When you’re evaluating strategies for streamlining specialty benefits administration, look for solutions that address the complexities of dual eligibility. Dual eligibility most often refers to members that are enrolled in both Medicaid and Medicare programs. In some cases, it can refer to members enrolled in two different commercial plans. In 2020, 12.5 million Americans were Medicare-Medicaid enrollees.
Dual eligibility can lead to significant challenges for payers if it isn’t properly applied. These challenges include:
- Issues with claims payments - Failure to properly identify and coordinate claims for members with dual eligibility results in costly overpayment scenarios and causes provider dissatisfaction.
- Compromising on member experience - Inaccurate processing may lead to a second or surprise bill for members, which can lead to members’ frustration with their plan, especially if dual eligibility rules aren’t explained in a way that members can understand.
Some benefit management platforms support dual-eligible members in a pre-defined way, but if the technology doesn’t align to your specific definitions and business rules for dual eligibility, the manual work and risk to your member experience will still exist.
The ideal solution? A specialty benefits automation platform like SKYGEN’s Enterprise System. SKYGEN automates dual eligibility for unique scenarios without the expense, complexity and time-cost of customized technology.
Flexible Configuration is Key
An advanced platform that’s highly configurable can support multiple dual scenarios and put the rules around them without creating a custom solution for specialty benefits administration.
Types of dual scenarios that an advanced system should handle include:
- Members covered by Medicare and Medicaid – the most common type of dual eligibility
- Members covered by Medicaid in both D.C. and in Maryland (for national plans)
- Members covered by commercial and Medicare plans (i.e., retirees)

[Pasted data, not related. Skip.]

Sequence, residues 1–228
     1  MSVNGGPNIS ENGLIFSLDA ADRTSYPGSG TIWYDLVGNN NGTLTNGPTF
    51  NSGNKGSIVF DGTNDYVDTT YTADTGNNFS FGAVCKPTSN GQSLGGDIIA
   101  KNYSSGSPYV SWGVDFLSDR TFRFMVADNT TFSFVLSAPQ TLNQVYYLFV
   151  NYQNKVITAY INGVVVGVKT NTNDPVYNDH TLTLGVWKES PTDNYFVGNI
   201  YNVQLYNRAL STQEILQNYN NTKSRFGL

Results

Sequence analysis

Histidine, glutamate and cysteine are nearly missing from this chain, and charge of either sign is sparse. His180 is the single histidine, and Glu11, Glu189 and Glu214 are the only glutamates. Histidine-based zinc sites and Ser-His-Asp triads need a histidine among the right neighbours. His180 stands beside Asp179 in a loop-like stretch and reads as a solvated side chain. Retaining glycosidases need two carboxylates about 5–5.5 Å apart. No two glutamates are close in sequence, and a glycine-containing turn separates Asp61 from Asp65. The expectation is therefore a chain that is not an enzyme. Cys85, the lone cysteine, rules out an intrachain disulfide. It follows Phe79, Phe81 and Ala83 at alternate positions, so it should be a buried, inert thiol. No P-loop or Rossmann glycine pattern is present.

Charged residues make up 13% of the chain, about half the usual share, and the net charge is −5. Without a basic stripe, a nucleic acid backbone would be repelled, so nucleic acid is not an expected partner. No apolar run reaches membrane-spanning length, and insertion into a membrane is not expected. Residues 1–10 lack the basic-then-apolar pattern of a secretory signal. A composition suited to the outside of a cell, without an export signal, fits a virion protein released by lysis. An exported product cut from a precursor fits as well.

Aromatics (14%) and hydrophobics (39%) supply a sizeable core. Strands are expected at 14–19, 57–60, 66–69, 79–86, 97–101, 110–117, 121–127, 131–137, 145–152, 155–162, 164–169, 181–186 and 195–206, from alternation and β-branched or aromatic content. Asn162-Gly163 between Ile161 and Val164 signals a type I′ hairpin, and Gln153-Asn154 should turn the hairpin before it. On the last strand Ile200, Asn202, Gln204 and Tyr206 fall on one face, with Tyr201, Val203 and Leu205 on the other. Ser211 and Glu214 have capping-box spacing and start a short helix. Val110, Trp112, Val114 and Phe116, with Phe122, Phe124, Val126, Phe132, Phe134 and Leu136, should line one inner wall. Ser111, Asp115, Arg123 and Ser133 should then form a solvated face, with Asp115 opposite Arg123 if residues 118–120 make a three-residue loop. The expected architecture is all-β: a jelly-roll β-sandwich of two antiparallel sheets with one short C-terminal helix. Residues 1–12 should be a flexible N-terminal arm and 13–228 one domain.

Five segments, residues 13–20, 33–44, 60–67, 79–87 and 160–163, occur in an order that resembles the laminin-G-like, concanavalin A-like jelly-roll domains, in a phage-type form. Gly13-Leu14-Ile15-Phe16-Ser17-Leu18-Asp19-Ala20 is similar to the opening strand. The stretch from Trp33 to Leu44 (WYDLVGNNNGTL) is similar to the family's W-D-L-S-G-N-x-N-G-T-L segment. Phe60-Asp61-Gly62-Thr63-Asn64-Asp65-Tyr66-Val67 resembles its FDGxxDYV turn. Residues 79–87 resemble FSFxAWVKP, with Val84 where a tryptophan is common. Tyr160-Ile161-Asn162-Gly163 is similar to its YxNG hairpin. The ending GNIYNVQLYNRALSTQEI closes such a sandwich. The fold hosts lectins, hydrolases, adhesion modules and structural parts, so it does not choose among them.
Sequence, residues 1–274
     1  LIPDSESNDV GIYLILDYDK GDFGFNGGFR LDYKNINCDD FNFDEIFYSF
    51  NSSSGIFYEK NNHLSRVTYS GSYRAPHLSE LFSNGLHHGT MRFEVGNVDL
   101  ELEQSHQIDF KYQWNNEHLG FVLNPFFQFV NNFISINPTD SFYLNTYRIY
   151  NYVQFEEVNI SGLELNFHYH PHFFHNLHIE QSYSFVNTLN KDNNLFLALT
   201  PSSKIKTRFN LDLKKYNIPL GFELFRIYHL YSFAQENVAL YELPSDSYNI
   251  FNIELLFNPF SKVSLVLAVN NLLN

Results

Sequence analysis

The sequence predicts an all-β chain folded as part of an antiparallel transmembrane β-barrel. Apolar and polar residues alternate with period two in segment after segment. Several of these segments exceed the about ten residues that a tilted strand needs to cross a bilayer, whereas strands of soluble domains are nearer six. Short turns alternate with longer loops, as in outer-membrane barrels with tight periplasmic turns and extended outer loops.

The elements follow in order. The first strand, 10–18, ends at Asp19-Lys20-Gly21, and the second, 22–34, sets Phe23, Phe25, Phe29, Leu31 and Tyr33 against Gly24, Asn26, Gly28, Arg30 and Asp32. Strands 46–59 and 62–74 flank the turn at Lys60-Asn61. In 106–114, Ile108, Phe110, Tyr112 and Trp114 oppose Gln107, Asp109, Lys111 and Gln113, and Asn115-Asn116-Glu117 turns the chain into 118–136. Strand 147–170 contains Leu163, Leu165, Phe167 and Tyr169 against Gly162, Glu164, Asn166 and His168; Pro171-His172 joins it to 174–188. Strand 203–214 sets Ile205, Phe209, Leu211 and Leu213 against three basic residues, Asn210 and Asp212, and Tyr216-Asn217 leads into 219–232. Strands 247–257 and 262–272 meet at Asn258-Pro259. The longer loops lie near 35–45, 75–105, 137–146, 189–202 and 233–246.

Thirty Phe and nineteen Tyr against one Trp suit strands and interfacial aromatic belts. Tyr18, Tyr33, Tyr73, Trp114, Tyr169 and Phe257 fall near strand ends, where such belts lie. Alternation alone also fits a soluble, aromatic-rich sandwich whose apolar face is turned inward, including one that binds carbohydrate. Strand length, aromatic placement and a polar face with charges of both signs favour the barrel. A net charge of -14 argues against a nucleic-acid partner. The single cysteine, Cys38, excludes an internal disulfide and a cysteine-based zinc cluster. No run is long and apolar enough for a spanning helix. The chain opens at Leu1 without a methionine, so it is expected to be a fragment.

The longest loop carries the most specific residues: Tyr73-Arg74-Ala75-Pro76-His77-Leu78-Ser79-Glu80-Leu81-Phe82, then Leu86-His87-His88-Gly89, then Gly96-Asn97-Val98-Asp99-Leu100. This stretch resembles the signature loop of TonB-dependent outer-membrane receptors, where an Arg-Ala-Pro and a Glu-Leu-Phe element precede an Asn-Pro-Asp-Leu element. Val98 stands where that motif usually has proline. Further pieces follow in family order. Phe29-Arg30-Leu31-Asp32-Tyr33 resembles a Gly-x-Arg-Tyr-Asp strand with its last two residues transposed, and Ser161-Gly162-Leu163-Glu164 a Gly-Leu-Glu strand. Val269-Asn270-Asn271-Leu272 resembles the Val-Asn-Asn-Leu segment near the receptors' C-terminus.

- Members covered by two different commercial plans – some health plans define this coordination of benefits as dual eligibility
- Members with tertiary coverage: Less common but still occurring, especially with minor children. Some instances of tertiary coverage include a child of divorced parents where the minor is covered by both parents’ health plans as well as a stepparent’s plan; and cases where both parents and their 18-year-old child work for the same employer and are covered by separate plans.
If you’ve expanded or plan to expand into government programs, look for a highly user-configurable, scalable specialty benefits administration platform. In addition to the benefits of rules-driven claims processing for your organization, you’ll also create advantages for your stakeholders:
- Providers should only need to submit one claim, and payment still occurs quickly. The system takes the burden of extra administration and communication off providers’ staff.
- Members’ claims should be processed quickly and accurately the first time, and a clear, understandable explanation of benefits provided. The complexity of dual eligibility is removed to create a more member-centric experience.
If you’d like to learn more about specialty benefits administration systems that can handle these complex scenarios, contact SKYGEN today.